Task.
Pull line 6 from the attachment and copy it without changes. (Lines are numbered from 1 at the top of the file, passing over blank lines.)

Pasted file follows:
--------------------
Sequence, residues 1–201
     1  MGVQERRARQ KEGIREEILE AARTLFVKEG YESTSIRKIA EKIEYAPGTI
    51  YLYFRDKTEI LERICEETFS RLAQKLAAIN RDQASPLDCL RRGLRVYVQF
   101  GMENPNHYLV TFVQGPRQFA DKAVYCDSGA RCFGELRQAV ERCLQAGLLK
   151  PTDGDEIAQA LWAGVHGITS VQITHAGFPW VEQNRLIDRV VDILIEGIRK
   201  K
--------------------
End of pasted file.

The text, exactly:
   201  K